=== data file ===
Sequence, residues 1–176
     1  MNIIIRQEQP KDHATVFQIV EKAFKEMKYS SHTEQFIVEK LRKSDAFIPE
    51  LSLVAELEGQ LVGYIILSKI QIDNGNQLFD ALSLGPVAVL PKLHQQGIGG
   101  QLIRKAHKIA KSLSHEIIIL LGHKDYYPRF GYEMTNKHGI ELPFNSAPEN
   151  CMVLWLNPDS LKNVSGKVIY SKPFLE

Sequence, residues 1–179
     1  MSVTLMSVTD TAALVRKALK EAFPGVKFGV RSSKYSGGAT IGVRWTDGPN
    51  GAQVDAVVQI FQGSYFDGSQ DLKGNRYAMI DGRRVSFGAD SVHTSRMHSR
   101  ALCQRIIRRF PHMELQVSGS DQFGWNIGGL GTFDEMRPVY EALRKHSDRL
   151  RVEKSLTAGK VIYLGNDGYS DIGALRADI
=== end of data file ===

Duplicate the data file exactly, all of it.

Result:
Sequence, residues 1–176
     1  MNIIIRQEQP KDHATVFQIV EKAFKEMKYS SHTEQFIVEK LRKSDAFIPE
    51  LSLVAELEGQ LVGYIILSKI QIDNGNQLFD ALSLGPVAVL PKLHQQGIGG
   101  QLIRKAHKIA KSLSHEIIIL LGHKDYYPRF GYEMTNKHGI ELPFNSAPEN
   151  CMVLWLNPDS LKNVSGKVIY SKPFLE

Sequence, residues 1–179
     1  MSVTLMSVTD TAALVRKALK EAFPGVKFGV RSSKYSGGAT IGVRWTDGPN
    51  GAQVDAVVQI FQGSYFDGSQ DLKGNRYAMI DGRRVSFGAD SVHTSRMHSR
   101  ALCQRIIRRF PHMELQVSGS DQFGWNIGGL GTFDEMRPVY EALRKHSDRL
   151  RVEKSLTAGK VIYLGNDGYS DIGALRADI